Contrary to popular belief, not all of us spent the ’80s wang chunging. I understand how you might believe otherwise — there’s nothing like the passage of time to boil any period down to its most distinctive elements, and the ’80s were certainly a bonanza of candy-colored, big-haired, Bartles & Jaymes-flavored bonbons. Yet when I see waves of nostalgia radiating from the movie “Take Me Home Tonight,” aimed at a generation that wasn’t even born when Tawny Kitaen was writhing on the hoods of cars, I can’t help thinking how well that time was summed up by a character in last year’s Oscar-overlooked “Hot Tub Time Machine”: “We had Reagan and AIDS.” It’s true, kids, aside from Salt n’ Pepa, a lot of it sucked.
You don’t go to a movie named for an Eddie Money song looking for profound social commentary. I did, however, approach “Take Me Home Tonight,” a Topher Grace- and Anna Faris-fueled comedy set in the Pleistocene era of 1988, with an instinctively personal perspective. Unfolding over the course of one action-packed summer night, the movie tells the tale of young people figuring out their futures and scoring with hot members of the opposite sex in a crazy world where phones still have cords. Matt Franklin, played by Grace, is a recent college graduate who finds himself living back at home and working at a Suncoast video, wondering if this adulthood thing is all it’s cracked up to be.
As it happens, in the summer of 1988, I really was a new college graduate, living back at home in New Jersey and selling miniskirts and impossibly wide belts at a dismal boutique while “Never Gonna Give You Up” blared in an endless loop on the radio. It didn’t exactly feel like the culmination of a lifetime of education and a foreseeable future full of student loan payments. So I identified with “Take Me Home Tonight’s” Benjamin Braddock on acid wash ennui, and Matt’s candid exchange with his dream girl Tori Fredreking (Teresa Palmer) about the sheer terror of impending mortgages, marriages and loathsome careers. Those are familiar themes to anyone, of any age, who’s ever worn a name tag and helplessly clutched a liberal arts degree. It’s intriguing, though, how those experiences can seem fresher or funnier when viewed through history’s rose-colored Ray-Bans. You want to make a contemporary movie about socially awkward young adults, there’s a distinct possibility you’re going to wind up in David Fincher territory.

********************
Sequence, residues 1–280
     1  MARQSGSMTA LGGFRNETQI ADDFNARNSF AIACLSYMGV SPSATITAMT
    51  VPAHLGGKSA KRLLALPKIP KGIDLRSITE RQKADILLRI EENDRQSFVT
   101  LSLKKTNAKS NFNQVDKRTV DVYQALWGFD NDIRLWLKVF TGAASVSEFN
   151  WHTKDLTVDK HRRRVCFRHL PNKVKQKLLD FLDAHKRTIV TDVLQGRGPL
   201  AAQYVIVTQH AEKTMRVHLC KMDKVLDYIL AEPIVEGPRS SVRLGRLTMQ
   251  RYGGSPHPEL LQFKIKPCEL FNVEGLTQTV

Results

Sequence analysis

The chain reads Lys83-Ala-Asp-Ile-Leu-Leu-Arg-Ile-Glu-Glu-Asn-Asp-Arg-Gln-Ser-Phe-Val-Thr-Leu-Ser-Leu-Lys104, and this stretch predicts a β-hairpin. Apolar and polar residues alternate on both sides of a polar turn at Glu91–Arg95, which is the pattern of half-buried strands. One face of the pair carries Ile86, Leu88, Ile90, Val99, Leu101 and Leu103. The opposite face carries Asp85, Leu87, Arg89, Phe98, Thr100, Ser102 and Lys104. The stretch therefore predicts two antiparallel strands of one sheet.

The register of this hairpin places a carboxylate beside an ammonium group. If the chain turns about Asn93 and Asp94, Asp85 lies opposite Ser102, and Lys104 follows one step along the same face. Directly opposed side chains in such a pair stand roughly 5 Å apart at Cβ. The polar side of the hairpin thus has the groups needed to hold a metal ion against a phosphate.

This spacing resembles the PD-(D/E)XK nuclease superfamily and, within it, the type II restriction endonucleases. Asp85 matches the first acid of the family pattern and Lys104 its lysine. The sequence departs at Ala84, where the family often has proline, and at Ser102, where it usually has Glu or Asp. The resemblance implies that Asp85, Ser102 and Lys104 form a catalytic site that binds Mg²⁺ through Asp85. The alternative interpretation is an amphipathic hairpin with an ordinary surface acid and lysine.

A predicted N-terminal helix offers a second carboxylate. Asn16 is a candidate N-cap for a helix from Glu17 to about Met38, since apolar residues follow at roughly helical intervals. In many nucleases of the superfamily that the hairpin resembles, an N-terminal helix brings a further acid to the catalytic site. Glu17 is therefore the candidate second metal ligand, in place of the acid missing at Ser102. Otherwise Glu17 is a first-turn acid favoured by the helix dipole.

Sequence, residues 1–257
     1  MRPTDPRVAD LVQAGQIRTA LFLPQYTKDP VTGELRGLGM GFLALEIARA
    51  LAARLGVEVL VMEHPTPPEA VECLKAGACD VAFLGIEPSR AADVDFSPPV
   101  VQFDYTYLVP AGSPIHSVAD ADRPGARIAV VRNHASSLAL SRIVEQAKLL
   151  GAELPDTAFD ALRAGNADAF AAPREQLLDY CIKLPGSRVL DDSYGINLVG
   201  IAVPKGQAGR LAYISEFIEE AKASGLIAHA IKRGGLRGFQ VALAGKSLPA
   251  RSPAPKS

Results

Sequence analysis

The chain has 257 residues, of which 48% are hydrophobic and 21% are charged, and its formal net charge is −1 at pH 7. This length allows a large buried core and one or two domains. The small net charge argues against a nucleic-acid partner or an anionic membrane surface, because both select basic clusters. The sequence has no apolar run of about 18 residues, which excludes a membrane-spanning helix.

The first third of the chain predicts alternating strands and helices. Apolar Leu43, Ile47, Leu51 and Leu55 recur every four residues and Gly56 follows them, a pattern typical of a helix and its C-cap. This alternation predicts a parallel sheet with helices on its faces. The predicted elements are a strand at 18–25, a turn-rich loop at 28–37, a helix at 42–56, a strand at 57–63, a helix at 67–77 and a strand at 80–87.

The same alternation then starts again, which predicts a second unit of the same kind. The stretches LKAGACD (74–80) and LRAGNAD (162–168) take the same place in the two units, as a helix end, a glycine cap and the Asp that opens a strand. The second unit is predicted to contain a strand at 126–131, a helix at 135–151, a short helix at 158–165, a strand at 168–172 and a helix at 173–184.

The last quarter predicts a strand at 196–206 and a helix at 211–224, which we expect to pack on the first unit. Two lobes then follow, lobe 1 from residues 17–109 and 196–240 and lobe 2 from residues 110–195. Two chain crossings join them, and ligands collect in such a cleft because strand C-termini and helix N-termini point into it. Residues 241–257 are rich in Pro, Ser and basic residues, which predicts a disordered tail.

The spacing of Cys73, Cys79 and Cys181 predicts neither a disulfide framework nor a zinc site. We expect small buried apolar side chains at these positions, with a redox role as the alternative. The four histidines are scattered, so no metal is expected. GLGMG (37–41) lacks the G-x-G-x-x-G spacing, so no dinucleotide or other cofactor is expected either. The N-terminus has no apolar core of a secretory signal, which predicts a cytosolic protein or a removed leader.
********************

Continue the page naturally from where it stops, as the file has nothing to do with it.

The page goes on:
I don’t begrudge “Take Me Home Tonight” or the whole “I Love the Eighties” juggernaut its fight for its right to party, but there is something touchingly off-base about it. Sure, it’s not “The King’s Speech” or “Mad Men” here, but could somebody even try to make an ’80s period piece that doesn’t just whip the entire decade into one Rubik’s cube-shaped blender? The film’s opening scene takes place in a Suncoast video festooned with posters of Madonna’s 1984 “Like a Virgin” album and 1985′s “Back to the Future,” and features a prominent rack of Relax shirts. Relax, for Christ’s sake. Nobody would be caught dead Relaxing in 1988. You might think that sounds nitpicky, but when they make the movie about 2011 and the characters are talking about Friendster and dancing around to “Milkshake,” you’ll care, Millennials. Oh, how you’ll care.